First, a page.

“The dominion of the Netherlands in Ceylon was nearly equal in duration with that of Portugal, about 140 years; but the policies of the two countries have left a very different impress on the character and institutions of the people amongst whom they lived. The most important bequest left by the utilitarian genius of Holland is the code of Roman Dutch law, which still prevails in the supreme courts of justice, whilst the fanatical propagandism of the Portuguese has reared for itself a monument in the abiding and expanding influence of the Roman Catholic faith. This flourishes in every hamlet and province where it was implanted by the Franciscans, whilst the doctrines of the reformed church of Holland, never preached beyond the walls of the fortresses, are already almost forgotten throughout the island, with the exception of an expiring community at Colombo. Already the language of the Dutch, which they sought to extend by penal enactments, has ceased to be spoken even by their direct descendants, whilst a corrupted Portuguese is to the present day the vernacular of the lower classes in every town of importance. As the practical and sordid government of the Netherlands only recognized the interest of the native population in so far as they were essential to uphold their trading monopolies, their memory was recalled by no agreeable associations: whilst the Portuguese, who, in spite of their cruelties, were identified with the people by the bond of a common faith, excited a feeling of admiration by the boldness of their conflicts with the Kandyans, and the chivalrous though ineffectual defence of their beleaguered fortresses. The Dutch and their proceedings have almost ceased to be remembered by the lowland Sinhalese; but the chiefs of the south and west perpetuate with pride the honorific title Don, accorded to them by their first European conquerors, and still prefix to their ancient patronymics the sonorous Christian names of the Portuguese.”
The British forces by which the island had been conquered were those of the East India Company, and Ceylon was therefore at first placed under its jurisdiction and administered from Madras. The introduction of the Madras revenue system, however, together with a host of Malabar collectors, led to much discontent, which culminated in rebellion; and in 1798 the colony was placed directly under the crown. By the treaty of Amiens, in 1803, this situation was regularized, from the international point of view, by the formal cession to Great Britain of the former Dutch possessions in the island. For a while the British dominion was confined to the coast. The central tract of hilly country, hedged in by impenetrable forests and precipitous mountain ranges, remained in possession of Sri Vikrama Raja Sinha, the last of the Sinhalese dynasty, who showed no signs of encouraging communication with his European neighbours.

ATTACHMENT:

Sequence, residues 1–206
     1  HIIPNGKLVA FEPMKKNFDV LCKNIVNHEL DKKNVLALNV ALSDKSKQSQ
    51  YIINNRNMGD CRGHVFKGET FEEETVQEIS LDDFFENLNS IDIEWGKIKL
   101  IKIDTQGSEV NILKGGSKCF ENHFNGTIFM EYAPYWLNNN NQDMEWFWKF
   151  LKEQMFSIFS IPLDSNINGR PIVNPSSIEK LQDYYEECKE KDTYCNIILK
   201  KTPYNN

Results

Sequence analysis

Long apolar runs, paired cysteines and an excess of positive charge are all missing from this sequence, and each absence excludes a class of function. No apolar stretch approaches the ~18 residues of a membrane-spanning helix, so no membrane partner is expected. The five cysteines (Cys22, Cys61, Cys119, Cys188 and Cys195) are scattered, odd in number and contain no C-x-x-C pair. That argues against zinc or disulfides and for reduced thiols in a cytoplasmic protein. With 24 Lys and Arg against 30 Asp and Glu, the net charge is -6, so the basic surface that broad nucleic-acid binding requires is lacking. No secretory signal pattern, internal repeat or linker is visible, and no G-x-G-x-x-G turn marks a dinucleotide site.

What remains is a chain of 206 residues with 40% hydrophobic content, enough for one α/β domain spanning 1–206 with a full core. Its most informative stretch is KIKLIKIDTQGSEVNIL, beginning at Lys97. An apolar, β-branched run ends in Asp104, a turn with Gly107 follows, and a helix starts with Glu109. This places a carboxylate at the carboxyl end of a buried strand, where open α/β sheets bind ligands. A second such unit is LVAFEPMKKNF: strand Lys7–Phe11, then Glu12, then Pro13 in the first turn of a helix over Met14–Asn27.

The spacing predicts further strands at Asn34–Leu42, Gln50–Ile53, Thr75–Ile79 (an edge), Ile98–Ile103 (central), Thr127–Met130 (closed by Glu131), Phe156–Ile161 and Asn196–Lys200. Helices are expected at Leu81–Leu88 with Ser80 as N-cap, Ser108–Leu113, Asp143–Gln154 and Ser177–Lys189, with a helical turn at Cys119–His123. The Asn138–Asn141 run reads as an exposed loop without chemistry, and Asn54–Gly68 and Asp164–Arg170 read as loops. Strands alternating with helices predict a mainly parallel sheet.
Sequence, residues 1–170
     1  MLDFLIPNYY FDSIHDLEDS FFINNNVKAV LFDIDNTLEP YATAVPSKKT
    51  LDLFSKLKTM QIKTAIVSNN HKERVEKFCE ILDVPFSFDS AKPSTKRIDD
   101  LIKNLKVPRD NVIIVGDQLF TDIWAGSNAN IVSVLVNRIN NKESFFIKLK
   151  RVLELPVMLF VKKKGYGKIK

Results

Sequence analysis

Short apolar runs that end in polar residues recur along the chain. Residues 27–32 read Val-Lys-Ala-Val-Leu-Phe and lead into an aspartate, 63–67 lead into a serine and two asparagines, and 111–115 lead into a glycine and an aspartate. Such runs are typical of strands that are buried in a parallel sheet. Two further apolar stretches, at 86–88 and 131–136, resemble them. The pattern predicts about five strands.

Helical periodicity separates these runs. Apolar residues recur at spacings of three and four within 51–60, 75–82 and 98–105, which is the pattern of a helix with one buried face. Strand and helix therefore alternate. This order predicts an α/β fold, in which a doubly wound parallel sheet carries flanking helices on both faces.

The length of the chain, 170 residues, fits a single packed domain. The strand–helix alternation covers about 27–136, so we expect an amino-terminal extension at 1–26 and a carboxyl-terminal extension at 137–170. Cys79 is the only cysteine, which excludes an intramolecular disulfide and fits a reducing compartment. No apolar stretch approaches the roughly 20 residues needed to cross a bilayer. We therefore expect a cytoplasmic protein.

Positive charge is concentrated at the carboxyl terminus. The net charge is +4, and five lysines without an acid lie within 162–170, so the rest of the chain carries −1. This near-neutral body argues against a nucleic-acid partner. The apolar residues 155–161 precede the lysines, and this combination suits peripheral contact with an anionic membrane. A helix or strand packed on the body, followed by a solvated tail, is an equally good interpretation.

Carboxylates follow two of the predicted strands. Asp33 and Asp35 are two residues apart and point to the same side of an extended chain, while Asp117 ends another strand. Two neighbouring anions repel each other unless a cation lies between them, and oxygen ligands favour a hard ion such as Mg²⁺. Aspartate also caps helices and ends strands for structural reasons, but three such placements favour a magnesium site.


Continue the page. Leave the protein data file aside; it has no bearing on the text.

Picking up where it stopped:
Minor differences led in 1803 to an invasion of the Kandyan territory; but sickness, desertion and fatigue proved more formidable adversaries to the British forces than the troops of the Sinhalese monarch, and peace was eventually concluded upon terms by no means favourable to the English. The cruelty and oppression of the king now became so intolerable to his subjects that disaffection spread rapidly amongst them. Punishments of the most horrible kinds were inflicted, but failed to repress the popular indignation; and in 1815 the British, at the urgent request of many of the Adigars and other native chiefs, proceeded against the tyrant, who was captured near Kandy, and subsequently ended his days in exile. With him ended a long line of sovereigns, whose pedigree may be traced through upwards of two thousand years.
By a convention entered into with the Kandyan chiefs on the 2nd of March 1815, the entire sovereignty of the island passed into the hands of the British, who in return guaranteed to the inhabitants civil and religious liberty. The religion of Buddha was declared inviolable, and its rights, ministers and places of worship were to be maintained and protected; the laws of the country were to be preserved and administered according to established forms; and the royal dues and revenues were to be levied as before for the support of government.
With the exception of a serious outbreak in some parts of the interior in 1817, which lasted for upwards of a year, and of two minor attempts at rebellion easily put down, in 1843 and 1848,